Tuesday, April 17, 2012

Leaver Journey

Similar to candidate journey, companies design leaver journey in order to ensure that each employee quitting the company is exited in a structured and orderly manner.

The leaver journey starts from the time the employee gives notice to his or her employer about the intention to quit (voluntary separation) or the company asks the employee to leave (involuntary separation). It ends formally when all tasks on employee departure checklist are completed.

In case of resignation, HR departments regularly conduct exit interview
* to assess the reasons for the employee leaving the company,
* to take the employee’s views on work and the company in general as well as
* to explore any “de-motivating” factors that led the employee to resign.

In case of involuntary separations, exit interviews are rare, as the leavers seldom cooperate. At the same time, any discussions beyond the termination chat are not easy to perform, neither by line-manager nor by HR. They are biased and besides this almost every list of exit questions addresses positive aspects of employment and this only increases leaver’s sorrow and regret.

Having no possibility to discuss the dismissal in an organized way, leavers do not have the opportunity to talk about their feelings, alleviate their emotions and verbalize their anger. Full of discomfort, desperation and bitterness, they go home and have all incentives that can cause harm to the company despite that their separation has been handled in a professional and mature manner. Stealing clients, poaching talent, failing a law suit resulting in financial burdens and bad press on employer ratings sites are only some of them.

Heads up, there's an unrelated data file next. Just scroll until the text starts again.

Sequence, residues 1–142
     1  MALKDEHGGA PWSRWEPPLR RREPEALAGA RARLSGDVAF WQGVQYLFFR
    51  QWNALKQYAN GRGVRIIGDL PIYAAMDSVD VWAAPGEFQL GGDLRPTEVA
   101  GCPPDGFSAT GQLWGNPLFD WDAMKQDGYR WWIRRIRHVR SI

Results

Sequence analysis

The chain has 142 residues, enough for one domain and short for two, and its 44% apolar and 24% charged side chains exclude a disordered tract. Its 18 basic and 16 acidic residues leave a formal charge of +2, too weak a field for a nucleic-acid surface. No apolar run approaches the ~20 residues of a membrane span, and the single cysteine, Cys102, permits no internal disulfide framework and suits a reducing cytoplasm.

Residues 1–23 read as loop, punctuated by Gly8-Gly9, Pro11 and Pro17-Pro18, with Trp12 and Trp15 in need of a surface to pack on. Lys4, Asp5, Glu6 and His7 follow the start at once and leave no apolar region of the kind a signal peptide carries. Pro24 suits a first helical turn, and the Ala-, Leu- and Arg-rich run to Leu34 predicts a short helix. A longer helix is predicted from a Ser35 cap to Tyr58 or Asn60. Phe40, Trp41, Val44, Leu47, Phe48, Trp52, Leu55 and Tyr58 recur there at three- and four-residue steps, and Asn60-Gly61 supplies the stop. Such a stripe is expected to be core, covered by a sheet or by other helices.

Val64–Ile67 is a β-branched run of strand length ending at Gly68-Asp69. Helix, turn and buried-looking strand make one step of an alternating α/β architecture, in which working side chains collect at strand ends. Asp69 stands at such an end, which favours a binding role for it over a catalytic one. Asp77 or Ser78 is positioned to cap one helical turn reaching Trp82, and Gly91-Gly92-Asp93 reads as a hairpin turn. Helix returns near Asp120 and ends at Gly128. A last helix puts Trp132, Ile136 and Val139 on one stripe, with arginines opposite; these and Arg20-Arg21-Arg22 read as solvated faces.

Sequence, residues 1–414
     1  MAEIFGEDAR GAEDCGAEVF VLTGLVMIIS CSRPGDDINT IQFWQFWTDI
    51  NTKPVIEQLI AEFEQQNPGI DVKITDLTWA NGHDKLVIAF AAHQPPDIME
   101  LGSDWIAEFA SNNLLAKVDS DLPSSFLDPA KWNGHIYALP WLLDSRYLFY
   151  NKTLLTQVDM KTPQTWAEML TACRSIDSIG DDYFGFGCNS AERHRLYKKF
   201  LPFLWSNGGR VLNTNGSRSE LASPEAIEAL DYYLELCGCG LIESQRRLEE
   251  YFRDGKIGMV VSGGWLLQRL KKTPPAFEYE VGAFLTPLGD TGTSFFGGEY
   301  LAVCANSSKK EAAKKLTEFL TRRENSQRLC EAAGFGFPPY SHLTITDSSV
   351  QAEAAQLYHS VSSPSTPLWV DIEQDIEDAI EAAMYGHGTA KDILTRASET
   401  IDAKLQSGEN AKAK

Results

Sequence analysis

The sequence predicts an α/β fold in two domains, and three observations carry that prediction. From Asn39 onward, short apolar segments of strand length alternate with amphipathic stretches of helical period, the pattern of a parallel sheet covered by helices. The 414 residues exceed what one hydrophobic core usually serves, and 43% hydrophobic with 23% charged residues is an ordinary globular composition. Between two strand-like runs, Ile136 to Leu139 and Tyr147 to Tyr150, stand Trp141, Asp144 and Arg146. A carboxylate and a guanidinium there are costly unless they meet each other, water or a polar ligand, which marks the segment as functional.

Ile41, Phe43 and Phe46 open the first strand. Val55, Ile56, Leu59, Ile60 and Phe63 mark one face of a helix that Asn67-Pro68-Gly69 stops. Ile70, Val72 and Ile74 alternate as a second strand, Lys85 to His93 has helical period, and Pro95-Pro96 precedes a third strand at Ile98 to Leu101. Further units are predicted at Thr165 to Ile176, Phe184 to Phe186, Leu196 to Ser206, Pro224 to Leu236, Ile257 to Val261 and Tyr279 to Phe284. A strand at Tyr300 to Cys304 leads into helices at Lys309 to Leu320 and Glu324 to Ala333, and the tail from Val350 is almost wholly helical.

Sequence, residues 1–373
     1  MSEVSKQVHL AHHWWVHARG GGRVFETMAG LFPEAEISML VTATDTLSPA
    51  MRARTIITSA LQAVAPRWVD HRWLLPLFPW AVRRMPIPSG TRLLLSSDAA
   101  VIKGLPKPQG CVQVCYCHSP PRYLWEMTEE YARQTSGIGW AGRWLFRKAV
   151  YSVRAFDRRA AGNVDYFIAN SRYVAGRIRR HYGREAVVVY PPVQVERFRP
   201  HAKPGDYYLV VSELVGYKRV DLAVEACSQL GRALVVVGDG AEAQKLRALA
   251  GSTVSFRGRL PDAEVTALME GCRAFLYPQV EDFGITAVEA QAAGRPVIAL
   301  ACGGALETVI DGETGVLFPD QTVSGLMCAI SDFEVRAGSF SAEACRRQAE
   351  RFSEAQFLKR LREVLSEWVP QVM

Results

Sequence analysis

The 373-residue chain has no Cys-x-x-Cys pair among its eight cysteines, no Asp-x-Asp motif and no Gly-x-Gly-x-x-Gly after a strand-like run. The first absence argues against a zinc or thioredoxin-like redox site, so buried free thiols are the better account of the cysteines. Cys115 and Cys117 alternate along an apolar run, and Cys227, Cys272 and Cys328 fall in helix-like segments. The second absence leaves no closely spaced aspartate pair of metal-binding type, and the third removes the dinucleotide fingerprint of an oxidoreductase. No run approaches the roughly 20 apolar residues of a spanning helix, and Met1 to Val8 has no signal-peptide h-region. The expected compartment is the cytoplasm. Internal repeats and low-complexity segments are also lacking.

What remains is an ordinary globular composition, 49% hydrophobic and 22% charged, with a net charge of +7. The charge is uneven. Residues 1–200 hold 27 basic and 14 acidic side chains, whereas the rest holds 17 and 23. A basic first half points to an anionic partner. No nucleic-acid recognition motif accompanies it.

As the fair and appropriate severance pay, may sweeten leavers unexpected turn in life, companies should go beyond it. Companies who want to mitigate risks of leavers’ “revenge” should help them to cope with the dismissal. Providing counseling, career, and job search support, delivered by an objective third party such as an outplacement provider, is one possible way.

Tuesday, April 3, 2012

Top HR Topics in 2012

The first quarter of 2012 past. Three HR Topics facing HR professionals this year have all to do with Employer Branding.

The first one is recruitment related topic, candidate journeys/experience and concerns future and potential employees. Designing candidate experience in a way that it ensures recruiters’ responsiveness can help companies to differentiate themselves in a war for talent.

The second topic relates to performance management and concerns current employees. Key issues include employee conduct, performance improvement plans and strategies for dealing with a problem employee. Designing full-filling jobs with the right performance metrics can help companies to create meaningful customer relationships and outperform their competitors.

The third topic pertains to leaver journeys/experience which affects departing and ex-employees. Companies need to design outplacement processes in a way that emotions are well managed, feelings are compensated, and financial matters are taken care of. Other issues are strategies and tactics for dealing with any potential ex-employees negative feedback on employers’ review and ratings site.